It’s funny: having worked in social media already for so long, I had never experienced that myself because I was always focused on helping other people with their social media. And of course, I needed to walk the walk. So I would post, but I didn’t like to worry so much about if I was getting a lot of attention. And then all of a sudden there was all this attention!


So, there’s the popularity of the videos in the moment, but then there’s also the business impact of your videos. Did those happen at the same time or did the popularity happen first? When did you start noticing, “Oh, this is actually helping”?


The popularity thing happened first, but it was not too far behind that I actually started gaining business from it…I had been creating on TikTok for probably nine months before I legit got a client from it, and then it started trickling in and I got multiple clients from it. Now, people will tag me when somebody says that they’re looking for a social media expert—and it’s so funny because I’m like, “I didn’t tell you what I did!” (…at that point. Now I do more. But it was very apparent.)

Let me say this to hopefully encourage somebody: it’s very silly, because I have a huge silly side to myself and I love that; it’s so much fun! And I just think we should be free and do what we want when it comes to that sort of thing. So, try not to let that discourage you—whatever your personality is, right? Maybe you’re not silly, maybe you’re super serious. Cool; embrace it! Go with what’s natural, because I think that that’s been the secret sauce this whole time: people watching are thinking, “This is a grown-ass woman with children, that owns a business, hosts a podcast, a ‘professional’ person—and she’s on here lip syncing to rap music and dancing on her treadmill,” and it sounds ridiculous.

But I always say: you don’t have to create serious content to make serious impact or serious money.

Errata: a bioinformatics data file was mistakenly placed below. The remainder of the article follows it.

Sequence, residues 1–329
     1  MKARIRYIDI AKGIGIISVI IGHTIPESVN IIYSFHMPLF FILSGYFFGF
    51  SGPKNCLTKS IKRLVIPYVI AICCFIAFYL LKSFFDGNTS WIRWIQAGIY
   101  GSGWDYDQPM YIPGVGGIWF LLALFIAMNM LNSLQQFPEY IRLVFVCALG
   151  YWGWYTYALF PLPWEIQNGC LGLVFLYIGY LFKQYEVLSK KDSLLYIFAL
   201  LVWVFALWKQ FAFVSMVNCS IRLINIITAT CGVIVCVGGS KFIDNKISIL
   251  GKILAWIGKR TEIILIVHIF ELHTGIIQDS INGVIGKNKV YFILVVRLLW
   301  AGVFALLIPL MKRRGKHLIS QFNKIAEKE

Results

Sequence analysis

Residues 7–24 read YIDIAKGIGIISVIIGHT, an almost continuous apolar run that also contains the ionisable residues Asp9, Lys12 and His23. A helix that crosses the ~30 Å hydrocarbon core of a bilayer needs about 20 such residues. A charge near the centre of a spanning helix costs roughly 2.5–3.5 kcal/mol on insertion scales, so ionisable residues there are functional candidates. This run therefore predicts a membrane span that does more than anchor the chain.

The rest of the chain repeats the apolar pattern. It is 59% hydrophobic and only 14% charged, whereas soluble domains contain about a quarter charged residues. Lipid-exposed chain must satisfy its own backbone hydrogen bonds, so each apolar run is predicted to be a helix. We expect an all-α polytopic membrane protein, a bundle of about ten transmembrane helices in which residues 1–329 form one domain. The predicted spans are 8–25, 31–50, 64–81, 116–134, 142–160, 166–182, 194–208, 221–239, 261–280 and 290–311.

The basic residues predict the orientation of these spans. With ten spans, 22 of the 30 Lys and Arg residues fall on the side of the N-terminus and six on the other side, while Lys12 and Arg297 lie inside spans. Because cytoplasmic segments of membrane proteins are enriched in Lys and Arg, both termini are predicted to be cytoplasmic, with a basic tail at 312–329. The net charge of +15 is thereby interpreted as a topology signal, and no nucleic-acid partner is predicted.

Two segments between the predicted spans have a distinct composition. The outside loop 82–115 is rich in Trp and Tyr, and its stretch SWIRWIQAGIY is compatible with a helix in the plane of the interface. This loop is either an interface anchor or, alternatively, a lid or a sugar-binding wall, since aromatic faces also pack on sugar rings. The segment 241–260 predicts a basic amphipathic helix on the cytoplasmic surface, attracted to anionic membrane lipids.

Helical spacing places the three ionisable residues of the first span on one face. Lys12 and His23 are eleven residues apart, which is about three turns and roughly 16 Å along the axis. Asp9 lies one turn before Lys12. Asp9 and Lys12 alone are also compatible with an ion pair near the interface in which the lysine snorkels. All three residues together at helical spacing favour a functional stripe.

When clients find you through the silly videos, what do they tend to say to you about why they decided to work with you as a result of that?


They say things like, “I just love your videos, they make me smile, I just knew I wanted to be your best friend,” things like that. Just real friendly, very kind, casual, relaxed. It’s almost like I’ve prepared them for our relationship, because I’ve brought it to you how I am. So you know we’re going to have a casual, relaxed, comfortable relationship, and that we’re going to have fun working together.

There’s probably people that have thought, “Yeah, I’m not gonna work with her because she’s silly"—nobody’s going out of their way to tell me, but I’m sure it’s probably crossed somebody’s mind. And I’m okay with that. It doesn’t bother me at all because I just am not willing to compromise personality and how I feel happy living life and creating content. I’m just not willing to compromise it at all.


Do you think social media and/or TikTok specifically has sort of changed the idea of needing to be “professional” on social media?


I think that it’s definitely impacted that. I love how there are so many different kinds of “professionals” to me, because that’s real. Not everybody is super serious or in a suit or going to 27 meetings a day or having to watch your mouth every moment because of work—that kind of old-fashioned, super-strict workplace corporate vibe, you know what I mean? That’s just not how it really is everywhere, and that’s not how people are.

It’s so funny because I always remember hearing people being like, “I’ve got to switch into work mode”—and sure, I get it to a certain degree, but if you have to really hide your personality and you can’t just be yourself, to me that’s horribly sad. I understand we’ve all gotta do what we’ve gotta do in some situations to support our families. But I do think that having a presence on social media will help you gradually work to a place where you can be your true self in your work environment, whether you work for someone else or yourself. It’s just about really having the courage to do that and stand up for yourself and declare, “I’m going to be myself. And it doesn’t mean I don’t know things. I know lots of things, I’m very smart, but I’m silly. Or I’m fun, or I cuss,” or whatever is your thing. I love that.

We’re getting to see people’s personalities and really see all these unique individuals shine and still be badass professionals who are really great at what they do.

Britney Crosson @britney
Social Media Thought Leader | CEO | Speaker | Top Podcaster | Post the f-ing video🎥

Tell Us Below:

Do you let your personality shine in your social media content, or do you try to keep it “professional”?

1 Like

I so want to do this. But I don’t dance. I run. I drink coffee. I create content. Those are my passions so maybe I need to drink coffee while running and create videos of that! No in all seriousness, I admire you for starting, continuing and still doing this. I’ve stopped and started several ideas and get in my own head. I LOVE your confidence. Going to be watching your videos on Tiktok @britney I just followed you.


Similar idea - you read bad/good advice in your niche while drinking coffee, depending if you like it or not you run away. :laughing:

Can name it: Run or no run